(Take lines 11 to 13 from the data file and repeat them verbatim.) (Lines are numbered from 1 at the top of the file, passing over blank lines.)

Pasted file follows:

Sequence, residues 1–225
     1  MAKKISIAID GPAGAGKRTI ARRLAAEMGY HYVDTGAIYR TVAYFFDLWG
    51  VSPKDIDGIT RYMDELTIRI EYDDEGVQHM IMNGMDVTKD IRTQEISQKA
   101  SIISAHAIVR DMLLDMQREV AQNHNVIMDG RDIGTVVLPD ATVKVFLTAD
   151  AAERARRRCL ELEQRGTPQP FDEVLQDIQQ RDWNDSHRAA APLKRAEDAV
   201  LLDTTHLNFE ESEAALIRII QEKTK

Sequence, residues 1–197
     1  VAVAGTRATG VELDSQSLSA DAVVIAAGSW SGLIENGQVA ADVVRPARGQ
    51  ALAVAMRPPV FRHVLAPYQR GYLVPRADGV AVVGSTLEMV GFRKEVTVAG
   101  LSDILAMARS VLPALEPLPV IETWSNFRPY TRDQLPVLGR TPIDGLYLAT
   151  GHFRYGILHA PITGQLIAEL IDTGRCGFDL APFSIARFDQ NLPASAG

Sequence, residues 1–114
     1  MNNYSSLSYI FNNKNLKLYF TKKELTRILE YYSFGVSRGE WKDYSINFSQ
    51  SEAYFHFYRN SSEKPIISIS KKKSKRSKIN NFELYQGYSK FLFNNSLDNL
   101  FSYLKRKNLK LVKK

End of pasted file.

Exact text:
   151  GHFRYGILHA PITGQLIAEL IDTGRCGFDL APFSIARFDQ NLPASAG

Sequence, residues 1–114
     1  MNNYSSLSYI FNNKNLKLYF TKKELTRILE YYSFGVSRGE WKDYSINFSQ